New York judge strikes down Albany's "good cause" eviction law
A New York State Supreme Court judge has struck down Albany’s “good cause” eviction law.
Legislation approved by the Common Council and signed by Albany Democratic Mayor Kathy Sheehan requires landlords to demonstrate “good cause” to evict tenants and prohibits annual rent increases of more than 5 percent, when such a hike could be interpreted as being implemented to circumvent eviction laws. The law was the first of its kind in New York.
A suit against Local Law F was brought by local landlords – who were successful.
On Thursday, Judge Christina Ryba ruled the law barred by conflict preemption.
Attorney Ben Neidl of firm E. Stewart Jones Hacker Murphy represented the landlords.
“The plaintiffs are very pleased with the decision. We regarded the Albany law as illegal on its face in contravention of state law and this decision will restore the balance of rights between landlords and tenants that state law currently intends,” said Neidl.
Speaking with WAMC Friday, Mayor Sheehan said the city is reviewing judge’s decision to determine a “best path forward.”
“One of the things that I have tasked our corporation counsel and her team with is determining are there changes that we can make now that address the preemption argument that she found persuasive so that we can implement parts of it immediately so that we can at least move forward when it comes to evictions with ensuring that landlords are acting in good faith and that individuals are not evicted from their apartments without good cause,” said Sheehan.
10th Ward City Councilor Owusu Anane, a fellow Democrat, called the decision a “slap in the face” for tenants and said he would work to appeal the decision.
“This outcome demonstrates why the state needs to act on this critical issue. We are in this together in this pandemic. We have to protect those who are marginalized those who are vulnerable among us.”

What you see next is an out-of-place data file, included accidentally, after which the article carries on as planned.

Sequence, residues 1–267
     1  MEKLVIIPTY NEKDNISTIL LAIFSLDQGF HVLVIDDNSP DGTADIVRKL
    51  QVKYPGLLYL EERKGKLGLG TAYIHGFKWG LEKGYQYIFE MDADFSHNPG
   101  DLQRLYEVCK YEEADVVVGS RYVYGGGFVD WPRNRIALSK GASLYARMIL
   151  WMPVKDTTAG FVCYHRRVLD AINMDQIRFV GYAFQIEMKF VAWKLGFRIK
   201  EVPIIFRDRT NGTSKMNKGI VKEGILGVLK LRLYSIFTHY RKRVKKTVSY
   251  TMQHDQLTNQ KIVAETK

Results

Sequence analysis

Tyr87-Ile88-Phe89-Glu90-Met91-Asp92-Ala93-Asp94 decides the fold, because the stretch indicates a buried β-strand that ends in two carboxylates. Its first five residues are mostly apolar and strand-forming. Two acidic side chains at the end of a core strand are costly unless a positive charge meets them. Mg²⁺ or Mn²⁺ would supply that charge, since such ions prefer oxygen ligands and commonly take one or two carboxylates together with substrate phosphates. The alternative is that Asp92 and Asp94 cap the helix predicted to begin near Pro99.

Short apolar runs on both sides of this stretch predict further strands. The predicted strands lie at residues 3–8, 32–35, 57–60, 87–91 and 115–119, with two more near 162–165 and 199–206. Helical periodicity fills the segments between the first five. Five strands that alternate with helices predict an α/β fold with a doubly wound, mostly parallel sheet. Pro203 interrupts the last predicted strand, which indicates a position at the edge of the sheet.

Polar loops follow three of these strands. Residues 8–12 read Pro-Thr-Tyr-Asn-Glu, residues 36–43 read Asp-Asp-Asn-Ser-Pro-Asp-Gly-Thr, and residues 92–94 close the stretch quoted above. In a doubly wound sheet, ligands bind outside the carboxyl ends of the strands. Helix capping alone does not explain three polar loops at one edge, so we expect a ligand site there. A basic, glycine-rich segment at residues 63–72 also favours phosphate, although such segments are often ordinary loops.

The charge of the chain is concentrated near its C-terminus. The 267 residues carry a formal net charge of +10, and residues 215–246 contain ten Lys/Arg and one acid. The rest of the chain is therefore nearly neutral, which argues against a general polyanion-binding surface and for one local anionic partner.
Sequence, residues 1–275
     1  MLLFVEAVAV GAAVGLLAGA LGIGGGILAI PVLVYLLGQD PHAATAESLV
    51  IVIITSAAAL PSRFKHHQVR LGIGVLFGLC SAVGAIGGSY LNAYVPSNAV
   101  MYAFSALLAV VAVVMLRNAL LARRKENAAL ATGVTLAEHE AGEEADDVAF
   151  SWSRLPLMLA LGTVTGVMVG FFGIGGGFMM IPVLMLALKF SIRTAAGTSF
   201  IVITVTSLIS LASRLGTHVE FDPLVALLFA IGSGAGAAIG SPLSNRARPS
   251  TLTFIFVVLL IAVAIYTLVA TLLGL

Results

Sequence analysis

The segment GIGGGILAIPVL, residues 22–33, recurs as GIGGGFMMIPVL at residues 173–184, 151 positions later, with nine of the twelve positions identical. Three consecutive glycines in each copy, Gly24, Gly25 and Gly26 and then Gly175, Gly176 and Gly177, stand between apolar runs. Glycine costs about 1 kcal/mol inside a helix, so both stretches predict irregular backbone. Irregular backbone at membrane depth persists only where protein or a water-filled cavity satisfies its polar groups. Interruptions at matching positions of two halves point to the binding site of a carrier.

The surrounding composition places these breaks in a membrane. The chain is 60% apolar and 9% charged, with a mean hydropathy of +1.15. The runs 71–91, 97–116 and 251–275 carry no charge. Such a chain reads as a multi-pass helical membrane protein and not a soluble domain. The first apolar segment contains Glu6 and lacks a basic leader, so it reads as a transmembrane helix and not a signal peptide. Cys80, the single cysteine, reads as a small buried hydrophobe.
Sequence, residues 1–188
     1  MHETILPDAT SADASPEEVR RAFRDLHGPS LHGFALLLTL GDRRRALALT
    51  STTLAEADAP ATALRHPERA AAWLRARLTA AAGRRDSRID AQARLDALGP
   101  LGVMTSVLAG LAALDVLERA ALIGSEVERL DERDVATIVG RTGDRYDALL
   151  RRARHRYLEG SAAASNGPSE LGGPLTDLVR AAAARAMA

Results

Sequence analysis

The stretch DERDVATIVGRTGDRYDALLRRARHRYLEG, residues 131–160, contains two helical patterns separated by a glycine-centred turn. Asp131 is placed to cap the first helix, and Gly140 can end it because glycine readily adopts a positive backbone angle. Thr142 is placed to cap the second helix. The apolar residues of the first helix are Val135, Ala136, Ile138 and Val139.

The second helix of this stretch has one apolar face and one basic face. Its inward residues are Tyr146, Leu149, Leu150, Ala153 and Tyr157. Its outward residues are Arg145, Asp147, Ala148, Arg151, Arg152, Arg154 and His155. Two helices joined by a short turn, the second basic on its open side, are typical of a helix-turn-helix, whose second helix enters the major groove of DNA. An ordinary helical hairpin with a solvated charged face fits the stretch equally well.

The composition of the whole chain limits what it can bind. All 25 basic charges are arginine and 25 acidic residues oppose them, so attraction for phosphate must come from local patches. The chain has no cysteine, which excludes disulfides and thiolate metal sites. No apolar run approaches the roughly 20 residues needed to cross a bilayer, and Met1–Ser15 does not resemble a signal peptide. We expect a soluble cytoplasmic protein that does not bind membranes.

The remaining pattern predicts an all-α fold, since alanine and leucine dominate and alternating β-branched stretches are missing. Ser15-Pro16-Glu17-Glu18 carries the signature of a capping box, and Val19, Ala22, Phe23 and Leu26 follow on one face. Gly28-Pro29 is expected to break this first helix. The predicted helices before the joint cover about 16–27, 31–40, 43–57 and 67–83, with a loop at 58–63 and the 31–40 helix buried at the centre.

Albany’s “good cause” eviction law was approved during the pandemic, at a time of uncertainty for renters. Other communities followed suit, including Beacon, Newburgh, and Kingston.
Reached by WAMC Friday, Beacon City Administrator Chris White said the city attorney is reviewing the judge’s decision.
Advocates pushed for a statewide “good cause” law during the state legislative session, with frequent demonstrations outside the Capitol.
Luke Grandis, Upstate lead organizer with group VOCAL-NY, said the judge’s decision further demonstrates the need for a statewide law.
“We know that we can continue to fight this, we can even get this passed at the local level and potentially have it stay intact, even, if we appeal this decision and continue to push it forward. But we will not be safe and tenants will not be safe until we pass this at the statewide level, and that is really what we’re seeing here,” said Grandis.
“We really hope that the state takes action to protect tenants and to ensure that we are doing all that we can to provide stability in housing in our city. We know that lack of access to stable housing really undermines families, it impacts school performance, and it impacts people’s ability, oftentimes, to even maintain a job when they are depending on the transit system that exists where their home is and if they’re not able to maintain that home, it can really upend their entire lives,” said Sheehan.
Republican State Senate Minority Leader Rob Ortt called the judge’s decision “good news for private property and free enterprise” and called for similar laws to be struck down across New York.